However, monthly inspections are carried out and the consultants are frequently asked to adapt their policies, rules and regulations or contracts.
“The accreditation of immigration representatives is managed by the regulatory body to which the consultant, lawyer, paralegal or notary belongs (e.g., the appropriate Canadian provincial or territorial law society, ICCRC, or the Chambre des notaires du Québec). It would be up to them to revoke the person’s accreditation,” explains the spokesperson.
“If you know your immigration representative broke the law while representing you, they could be charged under the Immigration and Refugee Protection Act, the Criminal Code of Canada or the laws of your country of residence.”
“If the law they broke was immigration-related (for example, if your immigration representative submitted fraudulent documents with your application), immediately contact the CIC office processing your application or the Canada Border Services Agency.
“If your immigration representative has defrauded you personally (for example, if they charged you a fee, but did not fulfill what was promised or refuse to return your passport without another fee), contact your local law enforcement agency,” advises the CIC spokesperson.
Being among the early Canadian Immigration Law Firms, Bayat Legal Services has been located next to the Canadian Consulate for 19 years. “We see dozens of applicants every year requesting for help regarding there Canadian Immigration file,” says Pej Mohyeddin, who works at the office as an Immigration & Business Consultant.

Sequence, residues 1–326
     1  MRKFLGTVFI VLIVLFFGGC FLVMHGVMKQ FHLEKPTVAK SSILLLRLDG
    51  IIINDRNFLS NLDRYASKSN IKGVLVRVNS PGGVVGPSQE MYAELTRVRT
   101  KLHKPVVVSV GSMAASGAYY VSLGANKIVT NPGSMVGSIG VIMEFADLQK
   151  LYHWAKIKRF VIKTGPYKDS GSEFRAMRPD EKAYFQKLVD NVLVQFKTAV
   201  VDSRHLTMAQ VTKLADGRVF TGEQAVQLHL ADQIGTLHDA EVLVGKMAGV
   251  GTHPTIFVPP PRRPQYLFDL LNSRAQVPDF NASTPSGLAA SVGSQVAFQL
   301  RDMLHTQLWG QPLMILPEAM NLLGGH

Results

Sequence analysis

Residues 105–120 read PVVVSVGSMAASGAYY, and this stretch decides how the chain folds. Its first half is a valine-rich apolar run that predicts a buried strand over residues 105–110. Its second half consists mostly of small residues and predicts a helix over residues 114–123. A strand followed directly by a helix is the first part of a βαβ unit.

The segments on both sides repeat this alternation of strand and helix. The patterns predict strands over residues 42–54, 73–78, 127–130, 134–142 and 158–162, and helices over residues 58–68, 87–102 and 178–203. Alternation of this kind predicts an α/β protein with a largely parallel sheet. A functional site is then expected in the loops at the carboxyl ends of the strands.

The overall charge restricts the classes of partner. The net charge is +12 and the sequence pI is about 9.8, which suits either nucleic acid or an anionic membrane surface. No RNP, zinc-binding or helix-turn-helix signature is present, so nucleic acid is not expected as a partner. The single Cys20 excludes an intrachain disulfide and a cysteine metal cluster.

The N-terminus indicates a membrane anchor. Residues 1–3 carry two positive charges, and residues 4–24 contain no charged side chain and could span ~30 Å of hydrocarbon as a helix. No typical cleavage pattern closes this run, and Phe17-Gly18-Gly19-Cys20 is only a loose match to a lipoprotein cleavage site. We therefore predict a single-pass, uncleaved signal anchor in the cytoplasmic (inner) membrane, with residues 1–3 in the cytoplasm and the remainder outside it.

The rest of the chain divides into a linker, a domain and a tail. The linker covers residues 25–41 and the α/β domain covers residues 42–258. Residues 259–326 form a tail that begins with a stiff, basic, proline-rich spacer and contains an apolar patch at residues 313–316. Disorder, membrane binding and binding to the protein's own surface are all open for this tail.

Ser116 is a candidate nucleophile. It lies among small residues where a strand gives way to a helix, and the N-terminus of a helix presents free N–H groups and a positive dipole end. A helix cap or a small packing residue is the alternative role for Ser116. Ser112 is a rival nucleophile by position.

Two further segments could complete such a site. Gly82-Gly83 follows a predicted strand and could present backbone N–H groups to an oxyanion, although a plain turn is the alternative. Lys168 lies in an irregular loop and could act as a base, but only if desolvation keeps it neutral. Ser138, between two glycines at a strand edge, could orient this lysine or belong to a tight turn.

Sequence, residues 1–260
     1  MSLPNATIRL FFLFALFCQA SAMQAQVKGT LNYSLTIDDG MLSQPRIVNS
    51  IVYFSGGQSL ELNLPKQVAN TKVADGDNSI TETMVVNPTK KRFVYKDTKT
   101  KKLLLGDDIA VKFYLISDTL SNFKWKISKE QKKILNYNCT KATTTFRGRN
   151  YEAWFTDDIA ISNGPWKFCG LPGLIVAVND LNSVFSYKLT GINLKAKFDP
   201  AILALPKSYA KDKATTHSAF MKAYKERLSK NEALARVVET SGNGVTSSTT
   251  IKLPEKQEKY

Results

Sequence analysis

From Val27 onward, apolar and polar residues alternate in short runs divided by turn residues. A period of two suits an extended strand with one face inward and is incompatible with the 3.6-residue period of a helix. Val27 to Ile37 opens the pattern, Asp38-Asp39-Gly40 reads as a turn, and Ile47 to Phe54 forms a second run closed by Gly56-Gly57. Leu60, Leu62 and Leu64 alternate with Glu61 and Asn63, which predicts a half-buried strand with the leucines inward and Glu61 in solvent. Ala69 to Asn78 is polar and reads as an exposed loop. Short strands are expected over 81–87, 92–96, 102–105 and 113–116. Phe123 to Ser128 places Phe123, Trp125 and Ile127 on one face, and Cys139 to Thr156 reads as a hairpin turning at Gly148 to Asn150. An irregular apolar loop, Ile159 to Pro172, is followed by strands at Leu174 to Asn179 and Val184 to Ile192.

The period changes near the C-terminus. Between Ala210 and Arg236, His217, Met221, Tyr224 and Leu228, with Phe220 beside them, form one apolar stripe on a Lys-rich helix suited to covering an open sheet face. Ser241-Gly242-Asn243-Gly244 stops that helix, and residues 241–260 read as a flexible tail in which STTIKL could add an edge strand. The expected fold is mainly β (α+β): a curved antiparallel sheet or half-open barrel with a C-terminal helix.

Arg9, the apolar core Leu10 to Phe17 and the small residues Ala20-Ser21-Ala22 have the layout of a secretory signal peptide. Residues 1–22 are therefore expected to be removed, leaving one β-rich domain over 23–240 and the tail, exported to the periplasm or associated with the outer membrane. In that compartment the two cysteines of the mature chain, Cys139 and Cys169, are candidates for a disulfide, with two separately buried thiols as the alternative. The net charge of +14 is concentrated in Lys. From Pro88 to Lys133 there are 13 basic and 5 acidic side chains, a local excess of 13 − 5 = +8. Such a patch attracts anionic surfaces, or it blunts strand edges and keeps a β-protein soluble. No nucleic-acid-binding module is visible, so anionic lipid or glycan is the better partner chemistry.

“Unfortunately though, they would come to see us only after having their consultant file the application and collect money from them.”
Ethics
In many cases, there is not much that can be done, because often are the fees paid and services delivered in compliance with the contract, which was voluntarily signed by the applicant.
With the accreditation confirmed and the relation between consultant and applicant defined in contractual terms, the unscrupulous activities that are often referred to become more of a grey area.
Many applicants have complained of unethical practices, such as manipulation, time-pressure, raising false hope or accepting applications while the category the applicant would apply for is closed at the moment of application.
“Members of ICCRC must adhere to the Code of Professional Ethics,” comments the CIC spokesperson. This Code can be viewed on thewebsite of CIC.
However, it is not clear whether immigration consultants can be held liable when these ethics are not adhered to.
What CIC does point out, is that the authorised immigration consultant alone is permitted to be involved with the applicant at any stage of the application process.
At consultancy companies, the authority to act as a representative is likely to be given to the person in charge of that company only. The employees in that company are therefore not authorized to deal with the applicant on a representative basis.
“There are requirements that all representatives used at any stage of an immigration application or proceeding be members in good standing of a provincial bar, the Chambre des notaires du Québec, or the governing body for immigration consultants (ICCRC). This makes it illegal for anyone to operate in Canada as an unauthorized representative at any stage of an immigration application or proceeding,” says the CIC spokesperson.
“In general, if a third party does not advise or represent for a fee, they do not need to be an authorised representative. However, if a third party provides immigration advice or representation for a fee to a client, he/she must be an authorized immigration representative.”